Experts expect only minor coral bleaching this year

national May 28, 2018 01:00

By PRATCH RUJIVANAROM
THE NATION

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Worst cases are identified in Phuket, Krabi, Chumphon, Rayong.



CORAL REEFS in Thailand are currently facing the onset of widespread but mild coral bleaching, as some reefs in both the Andaman Sea and Gulf of Thailand show symptoms of heat stress. Tourists are meanwhile encouraged to observe signs of coral bleaching and report them to authorities.

Despite around 5 to 10 per cent of corals in the coral reefs in many provinces reportedly suffering from bleaching, the Marine and Coastal Resources Department has predicted that this year’s bleaching will be minor and short in duration.

The reported 5-10 per cent bleaching rate matches a warning issued by the NOAA Coral Reef Watch (CRW) throughout the Indo-Pacific Region.

Bleaching occurs when the reef suffers stress from extreme environmental changes in temperature, reduction, or pollution, causing individual corals to expel symbiotic algae living in their tissues and turning the coral completely white.

The algae produce food for the coral and are therefore indispensable. After the algae are expelled, the coral weakens and will die if the bleaching period is severe or extended.

The worst bleaching has been identified in coral reefs in Phuket, Krabi, Chumphon and Rayong.

Marine and Coastal Resources Department director-general Jatuporn Buruspat said he had already received reports of coral bleaching in some coral reefs of both the Andaman Sea and Gulf of Thailand. 

The scale and severity of this year’s bleaching appears small, he said, and there was no reason to be concerned.

“Only initial signs of bleaching have been observed, which is normal for this time of year, as the temperature of the seawater is usually higher than [the yearly] average,” Jatuporn said.

“From the weather and seawater temperature forecast, we have projected that the situation of coral bleaching in Thailand’s seas will be mild and short. 

“The rainy season has already begun and more rain and overcast is expected, which should reduce seawater temperature.”

The Marine and Coastal Resources Department has a system in place to monitor seawater temperatures and it could be used to measure and forecast bleaching events, he said. Jatuporn also asked that tourists help officers by monitoring the condition of coral next time they go diving.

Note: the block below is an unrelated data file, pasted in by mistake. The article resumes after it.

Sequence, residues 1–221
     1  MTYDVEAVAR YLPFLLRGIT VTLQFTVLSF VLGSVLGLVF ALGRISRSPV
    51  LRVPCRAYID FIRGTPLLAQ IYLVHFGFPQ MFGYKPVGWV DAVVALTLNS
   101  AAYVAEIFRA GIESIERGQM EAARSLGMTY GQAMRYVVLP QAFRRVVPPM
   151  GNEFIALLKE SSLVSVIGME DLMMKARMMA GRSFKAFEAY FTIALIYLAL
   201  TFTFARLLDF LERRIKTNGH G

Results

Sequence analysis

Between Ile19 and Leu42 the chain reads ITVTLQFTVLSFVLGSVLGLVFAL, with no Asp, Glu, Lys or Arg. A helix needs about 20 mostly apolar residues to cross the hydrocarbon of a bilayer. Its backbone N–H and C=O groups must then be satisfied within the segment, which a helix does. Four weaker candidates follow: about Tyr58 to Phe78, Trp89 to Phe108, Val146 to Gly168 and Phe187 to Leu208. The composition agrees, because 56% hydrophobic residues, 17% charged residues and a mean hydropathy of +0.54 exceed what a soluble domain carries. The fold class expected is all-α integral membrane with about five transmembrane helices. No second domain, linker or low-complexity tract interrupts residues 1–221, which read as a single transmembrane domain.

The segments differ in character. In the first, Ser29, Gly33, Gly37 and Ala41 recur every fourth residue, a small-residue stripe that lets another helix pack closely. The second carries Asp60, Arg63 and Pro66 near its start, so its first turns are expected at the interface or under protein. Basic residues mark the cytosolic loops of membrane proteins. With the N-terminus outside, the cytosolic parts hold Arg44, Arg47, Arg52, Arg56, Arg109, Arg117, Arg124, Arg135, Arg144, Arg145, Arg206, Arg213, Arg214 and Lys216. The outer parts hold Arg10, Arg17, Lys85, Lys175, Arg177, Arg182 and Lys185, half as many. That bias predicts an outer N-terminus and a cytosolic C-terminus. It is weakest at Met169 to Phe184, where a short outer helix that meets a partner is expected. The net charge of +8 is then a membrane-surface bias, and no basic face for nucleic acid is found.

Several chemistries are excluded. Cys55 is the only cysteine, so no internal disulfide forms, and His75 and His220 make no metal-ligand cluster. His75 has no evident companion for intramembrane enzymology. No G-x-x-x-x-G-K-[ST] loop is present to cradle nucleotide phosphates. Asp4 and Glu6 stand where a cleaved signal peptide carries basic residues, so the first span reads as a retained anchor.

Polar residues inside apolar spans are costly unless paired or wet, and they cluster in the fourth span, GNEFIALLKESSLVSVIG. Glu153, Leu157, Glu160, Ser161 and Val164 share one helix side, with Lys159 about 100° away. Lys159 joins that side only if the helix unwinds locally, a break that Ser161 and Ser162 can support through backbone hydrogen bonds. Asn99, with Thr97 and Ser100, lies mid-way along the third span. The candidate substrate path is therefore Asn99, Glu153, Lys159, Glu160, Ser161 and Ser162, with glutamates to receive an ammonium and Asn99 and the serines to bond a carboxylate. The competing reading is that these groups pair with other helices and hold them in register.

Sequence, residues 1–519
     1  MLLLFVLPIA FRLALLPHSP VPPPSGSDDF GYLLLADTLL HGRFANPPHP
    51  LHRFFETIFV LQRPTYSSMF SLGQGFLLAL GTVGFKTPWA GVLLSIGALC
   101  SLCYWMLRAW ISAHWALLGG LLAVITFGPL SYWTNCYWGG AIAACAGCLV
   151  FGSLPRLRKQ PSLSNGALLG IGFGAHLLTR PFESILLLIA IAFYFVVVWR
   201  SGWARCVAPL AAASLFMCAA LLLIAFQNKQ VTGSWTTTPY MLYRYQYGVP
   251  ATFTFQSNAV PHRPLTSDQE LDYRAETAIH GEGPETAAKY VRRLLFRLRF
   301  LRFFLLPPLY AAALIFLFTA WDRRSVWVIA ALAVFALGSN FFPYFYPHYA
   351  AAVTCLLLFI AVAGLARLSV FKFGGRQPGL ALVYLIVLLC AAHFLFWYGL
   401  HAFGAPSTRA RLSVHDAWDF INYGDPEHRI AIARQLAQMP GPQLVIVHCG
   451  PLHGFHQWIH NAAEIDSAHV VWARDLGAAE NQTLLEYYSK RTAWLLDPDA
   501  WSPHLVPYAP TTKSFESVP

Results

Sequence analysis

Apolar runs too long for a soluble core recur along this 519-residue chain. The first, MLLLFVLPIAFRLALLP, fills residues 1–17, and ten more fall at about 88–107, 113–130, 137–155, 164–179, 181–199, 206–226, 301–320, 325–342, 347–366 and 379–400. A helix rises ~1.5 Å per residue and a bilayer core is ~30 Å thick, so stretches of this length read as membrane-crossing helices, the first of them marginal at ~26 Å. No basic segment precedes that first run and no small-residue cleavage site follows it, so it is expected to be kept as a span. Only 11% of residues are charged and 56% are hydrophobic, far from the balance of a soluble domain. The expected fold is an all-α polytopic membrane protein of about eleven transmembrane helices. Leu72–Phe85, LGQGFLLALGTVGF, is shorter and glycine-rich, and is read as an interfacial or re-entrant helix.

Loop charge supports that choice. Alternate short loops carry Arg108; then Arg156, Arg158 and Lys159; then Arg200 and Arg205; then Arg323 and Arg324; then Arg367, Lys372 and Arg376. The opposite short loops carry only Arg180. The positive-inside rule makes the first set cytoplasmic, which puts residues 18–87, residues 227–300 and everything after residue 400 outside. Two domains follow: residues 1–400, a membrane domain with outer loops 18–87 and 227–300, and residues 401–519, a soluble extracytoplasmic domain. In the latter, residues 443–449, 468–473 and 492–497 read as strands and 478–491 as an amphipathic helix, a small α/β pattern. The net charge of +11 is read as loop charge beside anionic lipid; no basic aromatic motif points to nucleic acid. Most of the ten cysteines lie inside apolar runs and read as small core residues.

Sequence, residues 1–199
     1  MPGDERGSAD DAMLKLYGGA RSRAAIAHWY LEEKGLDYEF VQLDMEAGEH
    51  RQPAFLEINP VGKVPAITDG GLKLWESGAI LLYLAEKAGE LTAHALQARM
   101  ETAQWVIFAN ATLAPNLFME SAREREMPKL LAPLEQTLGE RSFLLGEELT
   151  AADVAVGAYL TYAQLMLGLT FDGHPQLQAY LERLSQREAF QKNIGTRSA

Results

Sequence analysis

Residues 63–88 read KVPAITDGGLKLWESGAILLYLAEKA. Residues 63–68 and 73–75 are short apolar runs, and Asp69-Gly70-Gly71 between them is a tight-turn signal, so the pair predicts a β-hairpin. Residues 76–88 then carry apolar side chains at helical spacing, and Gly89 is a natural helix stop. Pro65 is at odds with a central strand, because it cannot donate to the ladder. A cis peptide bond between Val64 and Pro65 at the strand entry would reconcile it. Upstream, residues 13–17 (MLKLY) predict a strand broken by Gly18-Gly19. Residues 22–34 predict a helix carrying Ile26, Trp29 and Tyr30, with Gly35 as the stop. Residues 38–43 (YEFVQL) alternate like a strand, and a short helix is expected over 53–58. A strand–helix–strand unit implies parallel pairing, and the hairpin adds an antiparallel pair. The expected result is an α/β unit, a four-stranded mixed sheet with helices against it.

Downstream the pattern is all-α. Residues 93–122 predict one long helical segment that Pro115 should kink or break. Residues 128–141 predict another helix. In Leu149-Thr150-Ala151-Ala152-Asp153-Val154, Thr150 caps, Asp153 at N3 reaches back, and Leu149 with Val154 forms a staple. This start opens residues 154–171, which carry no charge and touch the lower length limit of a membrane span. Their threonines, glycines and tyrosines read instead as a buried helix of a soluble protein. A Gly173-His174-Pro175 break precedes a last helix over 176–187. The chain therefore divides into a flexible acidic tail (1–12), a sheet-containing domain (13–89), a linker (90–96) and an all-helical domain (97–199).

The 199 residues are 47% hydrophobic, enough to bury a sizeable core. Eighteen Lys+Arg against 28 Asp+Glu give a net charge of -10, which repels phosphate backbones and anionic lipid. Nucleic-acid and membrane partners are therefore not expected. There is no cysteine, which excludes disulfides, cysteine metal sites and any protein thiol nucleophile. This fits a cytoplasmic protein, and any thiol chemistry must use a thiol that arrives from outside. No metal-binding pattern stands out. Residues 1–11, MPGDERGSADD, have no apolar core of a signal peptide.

As for the CRW’s bleaching alert of last Friday, the entire Gulf of Thailand and northern part of Andaman Sea have been designated as a warning area due to rising seawater temperature.

CRW’s long-term bleaching forecast predicted that the situation in Andaman Sea would be resolved this week, but the seawater temperature in the Gulf of Thailand would remain too hot for coral until the end of June. That makes it very likely that coral reefs 

 in the Gulf of Thailand will be affected by widespread bleaching.

Niphon Pongsuwan, an expert on marine ecosystems for the Marine and Coastal Resources Department, said the recent coral bleaching was caused by high seawater temperatures. Starting from May 5, temperatures in both the Andaman Sea and the Gulf of Thailand had increased beyond safe levels for coral, at 30.5 degrees Celsius.

“The seawater temperature in the Andaman Sea was on average around 30 to 30.5 degrees Celsius throughout this month, while the seawater temperature in the Gulf of Thailand was relatively warmer at around 30.5 to 31 degrees Celsius, which is harmful to coral,” Niphon said.

The highest seawater temperature was recorded last week at Koh Man in Rayong, he said, where it soared to as high as 33 degrees Celsius.

Still, this year’s coral bleaching was not a cause for worry, he said, because the period of warm seawater was expected to be too short to cause large-scale damage to the reefs. 

As well, it was also found that many corals that survived the latest mass bleaching event in 2010 have developed increased tolerance to heat and can survive in hot water for a longer period than previously.

“Thailand faced the heaviest bleaching event in 2010, when 40 to 70 per cent of corals died,” said Niphon, “but we have observed that during the mass bleaching event in 2016, the majority of corals survived the prolonged heat. 

“This signifies that coral reefs in Thailand have develop traits to tolerate and survive in warmer water.”

However, Niphon warned, even though this country’s coral reefs have proven adaptable to changes, the survival of many coral reefs remains a serious concern due to the impacts of excessive tourism and water pollution.

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